Probabilistic software analysis methods extend classic static analysis techniques to consider the effects of probabilistic uncertainty, whether explicitly embedded within the code – as in probabilistic programs – or externalized in a probabilistic input distribution.

Modeling distributions on Riemannian manifolds is a crucial component in understanding non-Euclidean data that arises, e.g., in physics and geology. We propose a class of flows that uses convex potentials from Riemannian optimal transport.

In this work, we quantify the discretisation error induced by gradient descent in two-player games, and use that to understand and improve such games, including Generative Adversarial Networks.
Two-player games Many machine learning applications involve not one single model, but two models which get trained jointly.

Gaussian processes are a model class for learning unknown functions from data. They are particularly of interest in statistical decision-making systems, due to their ability to quantify and propagate uncertainty. In this work, we study analogs of the popular Matérn class where the domain of the Gaussian process is replaced by a weighted undirected graph.

Meta-learning can make machine learning algorithms more data-efficient, using experience from prior tasks to learn related tasks quicker. Since some tasks will be more-or-less informative with respect to performance on any given task in a domain, an interesting question to consider is, how might a meta-learning algorithm automatically choose an informative task to learn? Here we summarise probabilistic active meta-learning (PAML): a meta-learning algorithm that uses latent task representations to rank and select informative tasks to learn next.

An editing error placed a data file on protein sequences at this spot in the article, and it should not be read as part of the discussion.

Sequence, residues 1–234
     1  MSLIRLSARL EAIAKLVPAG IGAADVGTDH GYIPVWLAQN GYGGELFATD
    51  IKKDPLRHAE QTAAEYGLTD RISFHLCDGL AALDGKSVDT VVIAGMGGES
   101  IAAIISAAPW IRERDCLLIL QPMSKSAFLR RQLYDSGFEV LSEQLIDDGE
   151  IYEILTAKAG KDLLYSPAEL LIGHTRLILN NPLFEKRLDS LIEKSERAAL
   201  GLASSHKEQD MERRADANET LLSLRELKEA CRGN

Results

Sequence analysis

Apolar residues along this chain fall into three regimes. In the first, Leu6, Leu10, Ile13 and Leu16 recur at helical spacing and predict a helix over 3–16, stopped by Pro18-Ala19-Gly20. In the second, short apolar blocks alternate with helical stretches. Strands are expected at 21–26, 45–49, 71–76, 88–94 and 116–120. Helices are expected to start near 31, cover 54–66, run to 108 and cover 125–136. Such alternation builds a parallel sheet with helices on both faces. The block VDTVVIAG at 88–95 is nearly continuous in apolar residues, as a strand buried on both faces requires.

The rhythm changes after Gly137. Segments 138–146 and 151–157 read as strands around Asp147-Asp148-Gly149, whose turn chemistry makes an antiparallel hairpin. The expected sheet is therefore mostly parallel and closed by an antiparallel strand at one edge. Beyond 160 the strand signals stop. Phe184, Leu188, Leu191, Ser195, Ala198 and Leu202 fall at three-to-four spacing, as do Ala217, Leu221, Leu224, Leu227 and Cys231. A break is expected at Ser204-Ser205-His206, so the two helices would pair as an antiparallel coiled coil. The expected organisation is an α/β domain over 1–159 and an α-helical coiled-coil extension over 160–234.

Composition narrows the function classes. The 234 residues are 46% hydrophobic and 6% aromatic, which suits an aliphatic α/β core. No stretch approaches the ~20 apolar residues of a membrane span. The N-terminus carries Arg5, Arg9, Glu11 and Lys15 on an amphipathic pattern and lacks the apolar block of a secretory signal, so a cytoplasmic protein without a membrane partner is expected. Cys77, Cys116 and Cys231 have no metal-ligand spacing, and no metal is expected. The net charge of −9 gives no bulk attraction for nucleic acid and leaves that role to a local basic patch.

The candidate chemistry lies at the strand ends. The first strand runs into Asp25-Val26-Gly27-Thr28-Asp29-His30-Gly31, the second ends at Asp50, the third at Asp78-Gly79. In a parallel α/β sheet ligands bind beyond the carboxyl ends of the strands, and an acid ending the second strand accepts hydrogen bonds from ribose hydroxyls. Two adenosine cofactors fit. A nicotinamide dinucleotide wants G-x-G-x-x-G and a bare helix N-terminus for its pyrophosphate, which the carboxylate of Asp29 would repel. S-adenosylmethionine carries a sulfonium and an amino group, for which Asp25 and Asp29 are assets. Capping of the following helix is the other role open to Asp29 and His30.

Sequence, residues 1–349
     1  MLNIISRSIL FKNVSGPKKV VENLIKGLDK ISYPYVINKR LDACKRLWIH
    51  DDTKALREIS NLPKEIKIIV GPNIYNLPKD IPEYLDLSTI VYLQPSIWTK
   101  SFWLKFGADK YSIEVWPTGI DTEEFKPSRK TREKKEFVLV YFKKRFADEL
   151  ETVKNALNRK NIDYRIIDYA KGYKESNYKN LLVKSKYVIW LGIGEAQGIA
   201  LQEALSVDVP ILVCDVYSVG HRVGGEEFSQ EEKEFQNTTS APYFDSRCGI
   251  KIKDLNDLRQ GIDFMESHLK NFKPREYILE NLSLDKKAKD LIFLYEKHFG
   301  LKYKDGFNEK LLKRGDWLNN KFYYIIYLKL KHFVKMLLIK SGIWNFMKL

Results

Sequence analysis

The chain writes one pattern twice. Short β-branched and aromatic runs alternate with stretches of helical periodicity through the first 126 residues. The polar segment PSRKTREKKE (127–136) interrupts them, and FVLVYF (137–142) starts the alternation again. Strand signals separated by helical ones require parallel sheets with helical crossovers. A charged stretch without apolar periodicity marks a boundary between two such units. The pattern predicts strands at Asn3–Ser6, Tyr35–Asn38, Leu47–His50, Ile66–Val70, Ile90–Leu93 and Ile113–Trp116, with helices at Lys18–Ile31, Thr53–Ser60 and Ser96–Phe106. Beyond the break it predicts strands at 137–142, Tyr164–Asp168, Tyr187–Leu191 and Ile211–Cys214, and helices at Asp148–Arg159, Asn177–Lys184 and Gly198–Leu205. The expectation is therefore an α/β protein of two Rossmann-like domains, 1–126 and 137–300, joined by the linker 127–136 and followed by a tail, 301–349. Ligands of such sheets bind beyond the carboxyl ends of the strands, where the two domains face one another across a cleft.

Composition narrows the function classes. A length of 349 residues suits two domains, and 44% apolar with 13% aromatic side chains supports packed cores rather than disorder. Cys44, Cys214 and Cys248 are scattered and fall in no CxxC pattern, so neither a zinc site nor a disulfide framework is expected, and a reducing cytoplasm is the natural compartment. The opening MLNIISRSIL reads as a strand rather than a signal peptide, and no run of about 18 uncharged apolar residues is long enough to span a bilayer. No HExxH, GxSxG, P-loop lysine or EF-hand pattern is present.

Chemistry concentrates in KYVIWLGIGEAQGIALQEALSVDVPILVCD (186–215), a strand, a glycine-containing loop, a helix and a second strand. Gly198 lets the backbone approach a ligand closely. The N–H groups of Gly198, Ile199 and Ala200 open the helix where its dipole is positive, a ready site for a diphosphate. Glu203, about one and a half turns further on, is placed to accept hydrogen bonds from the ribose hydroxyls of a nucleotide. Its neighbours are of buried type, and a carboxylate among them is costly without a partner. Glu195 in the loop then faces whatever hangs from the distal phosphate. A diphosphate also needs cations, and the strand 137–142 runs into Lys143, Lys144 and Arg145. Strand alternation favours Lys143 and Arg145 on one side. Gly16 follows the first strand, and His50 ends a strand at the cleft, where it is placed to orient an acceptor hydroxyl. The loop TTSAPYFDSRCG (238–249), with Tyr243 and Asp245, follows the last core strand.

Learning models of physical systems can sometimes be difficult. Vanilla neural networks—like residual networks—particularly struggle to learn invariant properties like the conservation of energy which is fundamental to physical systems.

Learning models of physical systems can be tricky, but exploiting inductive biases about the nature of the system can speed up learning significantly. In the following, we will give a brief overview and the key insights behind variational integrator networks.

Bayesian optimization is a powerful technique for the optimization of expensive black-box functions, but typically limited to low-dimensional problems. Here, we extend this setting to higher dimensions by learning a lower-dimensional embedding within which we optimize the black-box function.

Data is often gathered sequentially in the form of a time series, which consists of sequences of data points observed at successive time points. Dynamic time warping (DTW) defines a meaningful similarity measure between two time series. Often times, the pairs of time series we are interested in are defined on different spaces: for instance, one might want to align a video with a corresponding audio wave, potentially sampled at different frequencies.

Barycenters summarize populations of measures, but computing them does not scale to high dimensions with existing methods. We propose a scalable algorithm for estimating barycenters in high dimensions by turning the optimization over measures into a more tractable optimization over a space of generative models.